A new standard for excellence

Why the teacher-recommended workload is unrealistic

Maggie Curran, Opinion Editor

The first day of class, no matter what course you are taking, is typically the same for everyone. You review a syllabus. You participate in an uncomfortable icebreaker activity. You are reminded that plagiarism will not be tolerated. And many instructors tell you that for every credit hour, three hours of outside work is expected of every student. This is, for lack of a better word, completely unrealistic.

I have heard this same statement from professors multiple times throughout my three semesters here at College of DuPage, but I only now realized how menacing that phrase really sounds. Three hours of work for every credit hour seemed insane to me, so I did the math: I currently take five classes, each worth three credits. That means I spend roughly 15 hours every week physically in class. For each of those hours, professors expect that I spend an additional three hours doing assignments or studying. That makes 45 hours of homework. Factor in a healthy 8 hours of sleep every night, 10 weekly hours of working at my outside job, and 19 hours for eating and commuting, that leaves only 23 hours left of an 168-hour week, or about three hours per day to myself. This amount gets even lower for students that work more hours at part-time or full time jobs, and worse still if they have other responsibilities on top of that, such as volunteer work or family obligations.

A schedule that demanding would be incredibly stressful and unhealthy for any student. COD students are working at a college level and therefore should be responsible with their time and prioritize school before going out with friends or watching a movie. That much is true on any college campus. However, having about three hours per day to oneself is not enough, especially when this time must include things like taking a shower and getting dressed. Yet if students like myself were to do the teacher-recommended workload, this is exactly what they would be facing.

I understand where professors are coming from; they’ve worked hard to achieve their status and because of that, know the true value of what they offer in their courses. They want students to get the most out of their education and ensure that everyone does well in their class. The problem is that many professors don’t understand where students are coming from. Of course, every class is important. Of course, students should try their hardest and put in work outside of the classroom. However, setting an unrealistic standard of effort doesn’t ensure achievement; in fact, it can do the exact opposite. Instead, students might realize that between work, school, and a healthy social life, they would never possibly be able to accomplish the recommended workload. This result could be a drop in motivation as well as anxiety, stress, and possibly even failure. I feel lucky that this downwards spiral hasn’t happened to me.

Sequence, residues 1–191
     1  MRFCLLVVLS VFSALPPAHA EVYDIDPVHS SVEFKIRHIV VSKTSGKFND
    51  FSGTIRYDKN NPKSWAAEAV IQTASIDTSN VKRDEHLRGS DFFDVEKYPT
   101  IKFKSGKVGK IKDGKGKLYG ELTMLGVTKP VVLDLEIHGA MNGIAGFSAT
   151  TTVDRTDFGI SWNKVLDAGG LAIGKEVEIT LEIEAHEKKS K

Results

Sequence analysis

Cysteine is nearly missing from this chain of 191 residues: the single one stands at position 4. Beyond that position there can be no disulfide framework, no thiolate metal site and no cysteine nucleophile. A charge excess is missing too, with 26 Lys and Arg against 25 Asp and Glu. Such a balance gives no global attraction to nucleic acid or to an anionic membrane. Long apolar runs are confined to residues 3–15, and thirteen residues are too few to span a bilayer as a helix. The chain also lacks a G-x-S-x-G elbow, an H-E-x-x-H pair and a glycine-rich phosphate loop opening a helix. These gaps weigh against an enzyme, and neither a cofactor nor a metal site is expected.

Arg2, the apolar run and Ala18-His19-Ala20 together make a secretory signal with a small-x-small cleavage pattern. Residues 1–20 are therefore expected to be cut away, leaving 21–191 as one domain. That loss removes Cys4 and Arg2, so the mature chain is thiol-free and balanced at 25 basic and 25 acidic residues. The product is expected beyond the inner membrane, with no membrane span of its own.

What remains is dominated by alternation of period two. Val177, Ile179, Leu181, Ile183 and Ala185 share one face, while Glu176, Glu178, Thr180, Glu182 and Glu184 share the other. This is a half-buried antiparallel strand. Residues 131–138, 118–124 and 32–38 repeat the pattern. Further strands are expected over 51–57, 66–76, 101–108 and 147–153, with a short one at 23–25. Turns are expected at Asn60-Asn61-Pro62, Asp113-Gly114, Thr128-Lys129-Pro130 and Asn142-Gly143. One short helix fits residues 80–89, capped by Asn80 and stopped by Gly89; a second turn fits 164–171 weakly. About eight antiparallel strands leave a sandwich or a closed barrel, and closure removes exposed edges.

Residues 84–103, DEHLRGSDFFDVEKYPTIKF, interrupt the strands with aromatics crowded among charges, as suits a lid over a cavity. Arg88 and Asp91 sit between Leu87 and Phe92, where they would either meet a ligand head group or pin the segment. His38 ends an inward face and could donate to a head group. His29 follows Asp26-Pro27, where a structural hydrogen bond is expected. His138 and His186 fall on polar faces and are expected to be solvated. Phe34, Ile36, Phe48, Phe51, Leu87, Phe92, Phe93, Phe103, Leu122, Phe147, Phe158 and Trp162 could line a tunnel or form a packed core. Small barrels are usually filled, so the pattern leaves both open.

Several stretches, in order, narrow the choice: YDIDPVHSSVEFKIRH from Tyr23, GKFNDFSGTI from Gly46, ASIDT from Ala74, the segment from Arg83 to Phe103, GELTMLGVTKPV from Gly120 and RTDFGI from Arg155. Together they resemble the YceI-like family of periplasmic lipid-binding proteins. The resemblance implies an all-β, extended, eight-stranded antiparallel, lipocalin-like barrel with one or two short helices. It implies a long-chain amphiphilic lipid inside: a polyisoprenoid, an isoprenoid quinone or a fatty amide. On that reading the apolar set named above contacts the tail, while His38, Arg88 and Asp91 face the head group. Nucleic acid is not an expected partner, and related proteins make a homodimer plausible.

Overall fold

Instead of following some of my professors’ instructions, I listened to my own intuition. I like to consider myself an accomplished student, however, I don’t think I have ever spent 45 hours per week on homework. I try my best, finish my assignments on time, always attend class, and study vigorously for exams and quizzes. I never take my education lightly, but I recognize the difference between working hard and overworking myself. I know that if I put in the effort to focus during class and understand the material, spending excess time on schoolwork outside of class would only leave me frustrated and stressed.

Unfortunately, many students don’t have the same confidence in their ability as I do. These students hear professors say “three hours of work per credit hour” and immediately doubt that they will ever succeed in their courses. Some may even try to accomplish this workload, but for obvious reasons cannot keep up with such a demanding schedule and either cut down on sleep, quit their jobs, or have nonexistent social lives. None of these options are acceptable. For this reason, it is important for professors to set realistic, achievable, and honest expectations for students to follow. Instead of telling students an exact number of hours they should be spending on schoolwork, professors should tell them exactly what is expected of them on assignments using rubrics or other methods. This is a concrete way to show students that effort is required without setting a timeframe that a diverse group of students could never fit into. For the mental health, education, and social life of every student, it’s time to set new standards for excellence.